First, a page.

The Shakespeare Theatre, for instance, has enlisted funnyman and D.C. native Ken Ludwig to add some slap and tickle to George Farquhar’s farce “The Beaux Stratagem” (Nov. 7 through Dec. 31), an adaptation that was begun by the late Thornton Wilder. Also, Synetic Theater surely will bring edginess and a kinky Goth sensibility to its version of “Frankenstein” (Wednesday through Oct. 1). If you can’t get enough of that big lug, “Jon Spelman’s Frankenstein,” a one-man retelling of Mary Shelley’s classic, will haunt Round House Silver Spring (Oct. 19 through Nov. 12).

So, is there anything untried to anticipate?

Three literary adaptations look intriguing. Round House Theatre Bethesda presents the area premiere of “A Prayer for Owen Meany” (Wednesday through Oct. 8), writer John Irving’s high-pitched masterpiece about faith, fate and friendship. A production of Antoine de Saint-Exupery’s spiritual children’s book “The Little Prince” follows at the same venue (Nov. 15 through Dec. 10). Over at Theater Alliance, “Toni Morrison’s the Bluest Eye” (Oct. 12 through Nov. 5) leaps from page to stage with all its rich language and harrowing evocation of the hierarchy of skin and eye color intact.

Studio Theatre hopes to continue its hot streak with “Red Light Winter” (which opened Wednesday), Adam Rapp’s haunting and erotic play about a love triangle in Amsterdam. Paula Vogel may not be at Arena this Christmas, but she has taken up residence at Studio with “The Long Christmas Ride Home” (opens Nov. 15), which combines storytelling, puppetry and music to portray an unconventional trip to grandmother’s house.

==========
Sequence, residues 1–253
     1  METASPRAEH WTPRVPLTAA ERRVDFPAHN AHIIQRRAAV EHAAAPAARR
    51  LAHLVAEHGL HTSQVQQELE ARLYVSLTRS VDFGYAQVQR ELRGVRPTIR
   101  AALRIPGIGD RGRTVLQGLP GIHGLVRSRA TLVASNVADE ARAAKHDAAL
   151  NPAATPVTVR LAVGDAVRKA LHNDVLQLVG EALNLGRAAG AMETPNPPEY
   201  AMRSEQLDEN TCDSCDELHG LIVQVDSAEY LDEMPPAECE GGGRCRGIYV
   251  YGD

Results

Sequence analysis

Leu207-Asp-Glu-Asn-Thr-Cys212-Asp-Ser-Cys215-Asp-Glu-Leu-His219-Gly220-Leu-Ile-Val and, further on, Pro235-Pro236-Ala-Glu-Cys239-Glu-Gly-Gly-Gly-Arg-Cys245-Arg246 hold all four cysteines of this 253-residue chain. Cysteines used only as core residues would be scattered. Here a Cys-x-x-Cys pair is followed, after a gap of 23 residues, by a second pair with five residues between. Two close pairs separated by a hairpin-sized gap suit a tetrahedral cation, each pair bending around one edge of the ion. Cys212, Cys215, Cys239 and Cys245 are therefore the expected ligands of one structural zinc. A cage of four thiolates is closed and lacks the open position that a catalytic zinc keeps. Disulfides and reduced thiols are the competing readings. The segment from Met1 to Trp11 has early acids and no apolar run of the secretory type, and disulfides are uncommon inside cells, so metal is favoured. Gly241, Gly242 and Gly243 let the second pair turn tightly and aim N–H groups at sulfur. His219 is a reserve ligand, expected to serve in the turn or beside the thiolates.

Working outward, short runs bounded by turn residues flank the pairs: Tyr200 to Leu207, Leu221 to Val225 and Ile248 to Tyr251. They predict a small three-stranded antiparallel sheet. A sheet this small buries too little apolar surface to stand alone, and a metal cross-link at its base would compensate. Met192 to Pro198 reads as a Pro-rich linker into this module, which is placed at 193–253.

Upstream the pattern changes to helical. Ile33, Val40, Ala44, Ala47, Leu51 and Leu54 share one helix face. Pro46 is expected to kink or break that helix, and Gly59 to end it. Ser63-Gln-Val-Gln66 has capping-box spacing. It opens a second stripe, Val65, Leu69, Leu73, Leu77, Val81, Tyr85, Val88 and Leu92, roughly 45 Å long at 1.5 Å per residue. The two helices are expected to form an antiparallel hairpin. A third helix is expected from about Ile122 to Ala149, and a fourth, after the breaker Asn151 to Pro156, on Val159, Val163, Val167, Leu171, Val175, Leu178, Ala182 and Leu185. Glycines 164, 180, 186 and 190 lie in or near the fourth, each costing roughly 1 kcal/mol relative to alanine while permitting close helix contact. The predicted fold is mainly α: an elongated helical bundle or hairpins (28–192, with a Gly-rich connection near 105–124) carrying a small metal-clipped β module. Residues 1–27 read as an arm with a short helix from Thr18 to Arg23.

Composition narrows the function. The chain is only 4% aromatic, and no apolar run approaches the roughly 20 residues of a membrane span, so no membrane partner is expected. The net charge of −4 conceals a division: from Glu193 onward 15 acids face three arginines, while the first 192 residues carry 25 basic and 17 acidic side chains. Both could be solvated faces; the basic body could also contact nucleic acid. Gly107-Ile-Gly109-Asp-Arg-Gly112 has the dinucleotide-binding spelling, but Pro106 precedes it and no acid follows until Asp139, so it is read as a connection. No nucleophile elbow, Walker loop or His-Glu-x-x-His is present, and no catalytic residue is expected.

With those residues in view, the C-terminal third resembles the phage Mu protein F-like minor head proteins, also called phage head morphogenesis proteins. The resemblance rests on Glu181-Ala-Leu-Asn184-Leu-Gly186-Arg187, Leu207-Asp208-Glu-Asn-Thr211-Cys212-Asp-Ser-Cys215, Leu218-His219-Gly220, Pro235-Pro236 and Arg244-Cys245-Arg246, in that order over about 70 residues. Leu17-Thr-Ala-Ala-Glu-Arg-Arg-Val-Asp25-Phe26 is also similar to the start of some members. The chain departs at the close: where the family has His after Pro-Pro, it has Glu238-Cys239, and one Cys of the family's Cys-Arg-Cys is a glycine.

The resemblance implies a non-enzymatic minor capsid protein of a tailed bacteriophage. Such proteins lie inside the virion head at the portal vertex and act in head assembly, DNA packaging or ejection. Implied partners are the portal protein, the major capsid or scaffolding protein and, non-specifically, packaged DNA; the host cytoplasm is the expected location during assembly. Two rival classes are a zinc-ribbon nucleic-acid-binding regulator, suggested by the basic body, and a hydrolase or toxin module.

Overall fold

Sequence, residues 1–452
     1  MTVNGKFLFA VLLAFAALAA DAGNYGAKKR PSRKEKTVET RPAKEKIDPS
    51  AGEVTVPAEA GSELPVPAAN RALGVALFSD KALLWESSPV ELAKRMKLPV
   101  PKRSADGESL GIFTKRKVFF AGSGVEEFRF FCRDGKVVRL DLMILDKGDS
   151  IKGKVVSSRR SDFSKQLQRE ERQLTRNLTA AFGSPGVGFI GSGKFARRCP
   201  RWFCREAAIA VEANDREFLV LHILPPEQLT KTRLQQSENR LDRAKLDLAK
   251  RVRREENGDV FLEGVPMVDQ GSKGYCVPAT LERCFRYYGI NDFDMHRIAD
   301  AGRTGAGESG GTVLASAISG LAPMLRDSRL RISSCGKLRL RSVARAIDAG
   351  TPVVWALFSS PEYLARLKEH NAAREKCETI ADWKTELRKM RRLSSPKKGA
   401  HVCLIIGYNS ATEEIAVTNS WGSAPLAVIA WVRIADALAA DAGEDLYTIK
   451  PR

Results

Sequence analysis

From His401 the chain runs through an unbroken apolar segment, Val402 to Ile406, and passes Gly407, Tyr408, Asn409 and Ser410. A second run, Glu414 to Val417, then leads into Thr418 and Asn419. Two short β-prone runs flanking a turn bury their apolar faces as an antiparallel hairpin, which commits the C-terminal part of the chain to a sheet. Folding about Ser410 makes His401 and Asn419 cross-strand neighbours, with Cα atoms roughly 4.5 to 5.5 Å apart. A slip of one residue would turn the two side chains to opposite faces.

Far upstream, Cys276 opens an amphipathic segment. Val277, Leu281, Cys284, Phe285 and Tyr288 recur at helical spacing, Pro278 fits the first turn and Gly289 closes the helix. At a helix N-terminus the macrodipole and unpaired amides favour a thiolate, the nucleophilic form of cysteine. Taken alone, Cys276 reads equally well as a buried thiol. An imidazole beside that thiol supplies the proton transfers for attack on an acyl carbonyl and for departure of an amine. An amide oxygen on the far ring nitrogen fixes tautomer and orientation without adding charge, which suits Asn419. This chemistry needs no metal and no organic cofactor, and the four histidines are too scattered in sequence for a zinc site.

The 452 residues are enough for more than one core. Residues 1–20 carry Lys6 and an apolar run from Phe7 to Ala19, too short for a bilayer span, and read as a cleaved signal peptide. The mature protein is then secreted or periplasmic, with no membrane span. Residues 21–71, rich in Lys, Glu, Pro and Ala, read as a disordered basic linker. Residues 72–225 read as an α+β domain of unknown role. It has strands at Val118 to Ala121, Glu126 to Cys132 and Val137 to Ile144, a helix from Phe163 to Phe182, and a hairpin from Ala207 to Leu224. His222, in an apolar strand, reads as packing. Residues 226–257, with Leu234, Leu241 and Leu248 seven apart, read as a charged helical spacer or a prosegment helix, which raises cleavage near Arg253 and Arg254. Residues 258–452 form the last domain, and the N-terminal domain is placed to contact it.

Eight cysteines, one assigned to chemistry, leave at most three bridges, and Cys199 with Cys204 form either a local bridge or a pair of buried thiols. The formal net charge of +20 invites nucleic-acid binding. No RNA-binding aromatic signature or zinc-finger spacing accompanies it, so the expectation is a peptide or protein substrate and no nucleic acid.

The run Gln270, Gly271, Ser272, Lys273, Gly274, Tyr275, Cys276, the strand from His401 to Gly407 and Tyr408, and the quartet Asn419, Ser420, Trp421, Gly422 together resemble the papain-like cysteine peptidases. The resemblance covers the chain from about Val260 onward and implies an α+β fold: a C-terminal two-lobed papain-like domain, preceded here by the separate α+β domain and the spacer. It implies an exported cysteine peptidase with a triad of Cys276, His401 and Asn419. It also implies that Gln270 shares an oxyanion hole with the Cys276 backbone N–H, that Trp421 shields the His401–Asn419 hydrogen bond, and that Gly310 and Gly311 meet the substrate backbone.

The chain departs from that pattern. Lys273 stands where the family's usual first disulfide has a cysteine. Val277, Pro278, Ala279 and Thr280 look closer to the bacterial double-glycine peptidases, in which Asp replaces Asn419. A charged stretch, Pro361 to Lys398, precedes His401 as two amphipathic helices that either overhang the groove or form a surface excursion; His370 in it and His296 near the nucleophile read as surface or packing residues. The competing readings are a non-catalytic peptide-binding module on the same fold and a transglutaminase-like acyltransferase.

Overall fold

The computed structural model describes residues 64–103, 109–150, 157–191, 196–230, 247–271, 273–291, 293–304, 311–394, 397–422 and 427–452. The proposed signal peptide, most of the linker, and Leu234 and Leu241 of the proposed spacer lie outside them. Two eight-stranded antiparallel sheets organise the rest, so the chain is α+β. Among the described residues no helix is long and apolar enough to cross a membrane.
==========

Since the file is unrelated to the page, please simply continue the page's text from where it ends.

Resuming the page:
You can always count on Woolly Mammoth to take chances with new work, and this season promises to challenge your comfort zone, beginning with “In the Continuum” (through Sept. 24), a play about AIDS among black women around the globe written and performed by Danai Gurira and Nikkole Salter. The in-your-face directive continues with “Get Your War On” (Oct. 5 through 14), adapted by the Rude Mechs of Austin, Tex., from the Internet comic strips of David Rees.

Also, Theater J celebrates its 16th season with “Spring Forward/Fall Back” (Oct. 19 through Nov. 26), scholar-critic-playwright Robert Brustein’s new play about successive generations of fathers and sons and their fights over music.

Did fathers and sons ever argue about the Beatles? All generations probably can find a common groove in “Rain — The Beatles Experience” at the Warner Theater (Oct. 6 through 8), a live show that boasts a song list of 200 hits, from which the audience can make requests beforehand via the Internet.